Domestic Violence: Civil Liability FAQ
Information to help you take legal action against your abuser.
Possibly. When one person injures another in some way, that act is called a "tort." The person injured by the tort may sue the wrongdoer for damages. Legally, torts are known as civil (as opposed to criminal) wrongs. But some acts of domestic violence, such as battery, may be both torts and crimes; the wrongdoer may face both civil and criminal penalties. One now famous example of a civil case is Goldman v. Simpson, in which Ron Goldman's parents sued O.J. Simpson for their son's death. Because Mr. Simpson was acquitted in the criminal trial, the Goldmans sued for money damages in civil court and won.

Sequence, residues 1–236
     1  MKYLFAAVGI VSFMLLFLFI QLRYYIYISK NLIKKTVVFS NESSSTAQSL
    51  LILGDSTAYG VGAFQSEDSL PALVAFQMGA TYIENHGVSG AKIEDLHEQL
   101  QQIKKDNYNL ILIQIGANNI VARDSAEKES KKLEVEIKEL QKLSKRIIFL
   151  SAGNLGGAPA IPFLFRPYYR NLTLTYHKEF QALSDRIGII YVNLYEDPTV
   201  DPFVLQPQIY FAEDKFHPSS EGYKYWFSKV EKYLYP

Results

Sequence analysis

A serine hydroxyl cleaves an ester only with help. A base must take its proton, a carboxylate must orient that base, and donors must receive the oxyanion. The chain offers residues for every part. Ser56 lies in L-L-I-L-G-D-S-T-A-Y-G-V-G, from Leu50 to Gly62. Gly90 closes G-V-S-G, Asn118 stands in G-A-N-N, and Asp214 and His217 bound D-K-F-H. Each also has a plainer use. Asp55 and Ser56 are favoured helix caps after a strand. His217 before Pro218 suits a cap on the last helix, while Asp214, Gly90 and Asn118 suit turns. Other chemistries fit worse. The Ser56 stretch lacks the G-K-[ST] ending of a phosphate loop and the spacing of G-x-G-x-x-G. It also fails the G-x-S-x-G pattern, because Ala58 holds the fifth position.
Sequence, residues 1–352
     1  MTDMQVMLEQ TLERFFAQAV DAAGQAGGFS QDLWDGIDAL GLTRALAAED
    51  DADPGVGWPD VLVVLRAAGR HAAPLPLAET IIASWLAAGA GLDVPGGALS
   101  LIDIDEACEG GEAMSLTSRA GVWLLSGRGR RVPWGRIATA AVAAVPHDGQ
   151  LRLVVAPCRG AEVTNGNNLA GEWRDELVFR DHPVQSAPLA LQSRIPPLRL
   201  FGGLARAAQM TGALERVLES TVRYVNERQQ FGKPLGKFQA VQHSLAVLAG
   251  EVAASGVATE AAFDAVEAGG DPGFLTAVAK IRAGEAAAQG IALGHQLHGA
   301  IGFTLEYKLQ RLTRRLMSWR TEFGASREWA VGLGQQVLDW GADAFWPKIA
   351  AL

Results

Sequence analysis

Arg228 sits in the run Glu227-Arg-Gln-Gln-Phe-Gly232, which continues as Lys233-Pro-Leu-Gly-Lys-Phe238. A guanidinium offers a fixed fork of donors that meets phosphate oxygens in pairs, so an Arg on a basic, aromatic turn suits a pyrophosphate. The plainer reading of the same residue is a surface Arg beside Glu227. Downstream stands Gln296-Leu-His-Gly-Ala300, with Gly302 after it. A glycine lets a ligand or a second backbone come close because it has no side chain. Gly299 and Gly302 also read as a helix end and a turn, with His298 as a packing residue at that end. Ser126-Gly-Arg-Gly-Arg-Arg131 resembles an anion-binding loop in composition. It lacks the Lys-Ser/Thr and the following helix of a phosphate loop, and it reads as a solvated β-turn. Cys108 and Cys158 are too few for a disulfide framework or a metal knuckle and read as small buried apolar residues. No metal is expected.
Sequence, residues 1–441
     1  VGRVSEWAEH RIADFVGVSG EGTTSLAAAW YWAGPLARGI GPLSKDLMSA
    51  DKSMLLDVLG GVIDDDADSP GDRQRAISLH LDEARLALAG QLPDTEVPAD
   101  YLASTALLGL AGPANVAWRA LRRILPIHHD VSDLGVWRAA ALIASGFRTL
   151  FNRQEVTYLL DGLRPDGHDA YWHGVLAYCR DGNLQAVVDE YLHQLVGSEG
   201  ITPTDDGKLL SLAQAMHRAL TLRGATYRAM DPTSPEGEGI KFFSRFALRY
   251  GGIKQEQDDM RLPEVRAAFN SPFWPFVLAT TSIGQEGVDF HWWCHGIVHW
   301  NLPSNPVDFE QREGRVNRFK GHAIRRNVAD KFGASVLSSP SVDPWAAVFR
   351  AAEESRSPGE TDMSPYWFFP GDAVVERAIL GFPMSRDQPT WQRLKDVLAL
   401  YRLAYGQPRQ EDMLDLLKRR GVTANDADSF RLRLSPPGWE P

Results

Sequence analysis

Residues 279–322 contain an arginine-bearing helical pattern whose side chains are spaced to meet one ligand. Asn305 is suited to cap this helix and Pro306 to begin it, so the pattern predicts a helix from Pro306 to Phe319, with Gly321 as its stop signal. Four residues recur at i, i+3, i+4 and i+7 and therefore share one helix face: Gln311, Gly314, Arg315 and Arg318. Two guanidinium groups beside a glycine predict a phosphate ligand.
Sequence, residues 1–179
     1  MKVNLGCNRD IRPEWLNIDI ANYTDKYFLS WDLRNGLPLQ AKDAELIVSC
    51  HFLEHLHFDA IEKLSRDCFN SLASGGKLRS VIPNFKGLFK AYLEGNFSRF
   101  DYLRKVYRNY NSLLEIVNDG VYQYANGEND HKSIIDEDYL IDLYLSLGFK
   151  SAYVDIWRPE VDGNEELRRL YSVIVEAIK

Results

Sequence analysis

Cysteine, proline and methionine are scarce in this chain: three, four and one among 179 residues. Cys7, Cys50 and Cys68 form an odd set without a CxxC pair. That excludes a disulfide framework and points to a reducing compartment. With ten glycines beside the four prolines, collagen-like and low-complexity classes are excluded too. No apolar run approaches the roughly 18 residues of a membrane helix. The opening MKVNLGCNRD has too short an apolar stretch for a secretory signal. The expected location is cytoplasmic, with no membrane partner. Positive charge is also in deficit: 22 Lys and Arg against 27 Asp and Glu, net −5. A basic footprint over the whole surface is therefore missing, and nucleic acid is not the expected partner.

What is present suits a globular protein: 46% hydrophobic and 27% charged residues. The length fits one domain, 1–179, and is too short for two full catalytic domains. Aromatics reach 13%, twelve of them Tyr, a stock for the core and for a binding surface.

Under traditional law, family members were prohibited from suing each other for torts. The justification was that allowing family members to sue each other would lead to a breakdown of the family. Today, however, many states recognize that if family members have committed torts against each other, the relationships are already suffering from breakdown. Thus, they no longer bar family members from suing each other. In these states, spouses may sue each other either during the marriage or after they have separated.
A few states still prohibit one family member from suing another. A court may make an exception, however, when the tort is intentional -- that is, a deliberate act which causes harm to another person. The behaviors that constitute domestic violence -- assault, battery, psychological abuse -- are almost always considered intentional torts.